Home Opinion Hijab controversy: Advise to Firdaus Amasa

Hijab controversy: Advise to Firdaus Amasa


Every institution has rules and regulations. The Nigerian judiciary can still boast of having it rules intact.

Being known as a religious country, some Nigerians want to be recognized anywhere with the religion. Thus was the case of a law graduate, Firdaus Amasa, who was refused entrance to the venue of the graduation ceremony for her fellow colleagues in law for wearing her hijab under her wig.

It was gathered that she was told that she won’t be allowed to go in with her hijab under her wig. It was also gathered that three professors of law came to tell her to do the same, but she refused.

Now come the question, does removing her hijab for just some minutes to get an handshake make her go to hell?

For instance, the Jordanian society hosted the female world cup last year. As a Muslim society, the country didn’t say FIFA has to bend the rules for their girls to wear hijab and play the game.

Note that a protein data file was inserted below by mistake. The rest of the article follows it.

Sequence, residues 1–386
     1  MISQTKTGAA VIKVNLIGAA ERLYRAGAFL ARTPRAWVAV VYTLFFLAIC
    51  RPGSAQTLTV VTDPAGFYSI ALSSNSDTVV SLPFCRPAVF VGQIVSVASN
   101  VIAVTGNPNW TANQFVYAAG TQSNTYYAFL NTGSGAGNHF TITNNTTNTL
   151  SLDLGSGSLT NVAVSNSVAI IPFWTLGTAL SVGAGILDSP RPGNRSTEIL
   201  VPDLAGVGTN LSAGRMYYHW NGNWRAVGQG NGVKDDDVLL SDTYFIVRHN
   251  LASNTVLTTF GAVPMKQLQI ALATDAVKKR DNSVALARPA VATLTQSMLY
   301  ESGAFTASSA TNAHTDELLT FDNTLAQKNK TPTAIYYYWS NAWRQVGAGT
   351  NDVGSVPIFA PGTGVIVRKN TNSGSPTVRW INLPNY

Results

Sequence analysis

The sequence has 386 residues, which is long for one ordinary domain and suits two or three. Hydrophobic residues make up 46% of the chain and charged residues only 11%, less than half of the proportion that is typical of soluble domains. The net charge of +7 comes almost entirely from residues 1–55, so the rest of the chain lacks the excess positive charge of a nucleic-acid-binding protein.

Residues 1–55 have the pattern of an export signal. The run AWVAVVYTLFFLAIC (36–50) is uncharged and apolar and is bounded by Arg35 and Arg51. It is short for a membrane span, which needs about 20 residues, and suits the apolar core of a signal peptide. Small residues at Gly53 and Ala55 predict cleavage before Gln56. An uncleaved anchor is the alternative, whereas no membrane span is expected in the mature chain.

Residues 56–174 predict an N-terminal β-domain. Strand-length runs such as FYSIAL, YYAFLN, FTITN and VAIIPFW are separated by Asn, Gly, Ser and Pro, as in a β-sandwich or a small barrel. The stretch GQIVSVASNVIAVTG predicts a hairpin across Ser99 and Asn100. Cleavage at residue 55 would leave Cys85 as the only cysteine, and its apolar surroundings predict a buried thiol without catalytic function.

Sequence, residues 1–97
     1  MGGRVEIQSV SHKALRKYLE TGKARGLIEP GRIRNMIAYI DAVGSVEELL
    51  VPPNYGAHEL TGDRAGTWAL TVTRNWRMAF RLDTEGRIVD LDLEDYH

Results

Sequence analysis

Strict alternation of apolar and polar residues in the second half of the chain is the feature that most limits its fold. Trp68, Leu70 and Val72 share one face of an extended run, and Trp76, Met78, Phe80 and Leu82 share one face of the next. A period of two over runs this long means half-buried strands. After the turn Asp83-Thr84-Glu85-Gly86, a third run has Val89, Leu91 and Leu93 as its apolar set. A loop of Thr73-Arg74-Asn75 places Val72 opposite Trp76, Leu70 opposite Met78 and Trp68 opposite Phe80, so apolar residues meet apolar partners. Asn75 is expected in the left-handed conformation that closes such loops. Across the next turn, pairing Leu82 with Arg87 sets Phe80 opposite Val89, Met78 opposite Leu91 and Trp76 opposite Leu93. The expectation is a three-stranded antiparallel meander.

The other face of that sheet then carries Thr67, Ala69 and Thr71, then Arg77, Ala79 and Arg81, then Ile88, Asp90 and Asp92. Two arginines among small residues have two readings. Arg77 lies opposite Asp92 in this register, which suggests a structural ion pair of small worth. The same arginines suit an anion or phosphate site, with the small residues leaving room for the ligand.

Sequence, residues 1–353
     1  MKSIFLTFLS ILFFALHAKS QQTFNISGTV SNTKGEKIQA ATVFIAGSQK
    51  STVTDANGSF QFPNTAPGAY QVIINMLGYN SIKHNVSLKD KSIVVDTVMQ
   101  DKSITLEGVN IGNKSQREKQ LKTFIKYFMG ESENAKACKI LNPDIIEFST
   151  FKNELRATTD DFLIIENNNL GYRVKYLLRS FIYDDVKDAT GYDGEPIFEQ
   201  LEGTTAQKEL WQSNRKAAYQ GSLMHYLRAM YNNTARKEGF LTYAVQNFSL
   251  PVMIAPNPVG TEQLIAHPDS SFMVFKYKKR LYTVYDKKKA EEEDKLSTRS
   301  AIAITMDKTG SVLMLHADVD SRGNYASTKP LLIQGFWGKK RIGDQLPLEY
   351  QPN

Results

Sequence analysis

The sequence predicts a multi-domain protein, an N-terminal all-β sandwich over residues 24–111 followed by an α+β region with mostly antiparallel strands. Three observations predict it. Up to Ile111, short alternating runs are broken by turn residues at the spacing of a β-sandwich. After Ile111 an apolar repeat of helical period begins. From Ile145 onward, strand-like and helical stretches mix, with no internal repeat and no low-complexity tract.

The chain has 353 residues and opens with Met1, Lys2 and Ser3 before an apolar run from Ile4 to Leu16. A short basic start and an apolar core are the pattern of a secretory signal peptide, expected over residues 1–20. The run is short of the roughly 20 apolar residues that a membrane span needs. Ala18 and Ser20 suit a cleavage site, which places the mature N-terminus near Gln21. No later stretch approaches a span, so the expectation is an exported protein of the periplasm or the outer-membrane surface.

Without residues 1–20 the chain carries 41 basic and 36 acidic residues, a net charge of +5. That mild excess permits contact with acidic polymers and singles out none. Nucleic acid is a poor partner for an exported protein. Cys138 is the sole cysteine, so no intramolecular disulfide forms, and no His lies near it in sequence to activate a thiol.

It was even reported that a Catholic sister, who also graduated, had to remove her scarf in order to give what ‘belong to Caesar to Caesar’ and she got her handshake.

Meanwhile, Amasa should not be blamed as some of our leaders have also run foul of the laws of some institutions due to religious beliefs.

Since we have been this so-called religious society, how has it translated into development from a Third world country that we have been since independent?

Amoda will stand her ground by not removing her hijab since Governor Rauf Aregbesola could insists that Muslim girls attending public schools should wear hijab.

And we all know what followed this instruction as other denominations came to school in their religious apparel.

Am sure Amasa will not be able to sit beside a fellow graduate who is a son of an herbalist that would have wore his outfit decorated with cowries and holding a horn to show his religion. Same could have been done by a Celestial, who would have walked barefooted on his Sutana and a Cherubim and Seraphim member.

My message to Amada is that every institution have its rules and regulations that must be obeyed. So, I see no reason why those rules should be circumvent all in the name of religion.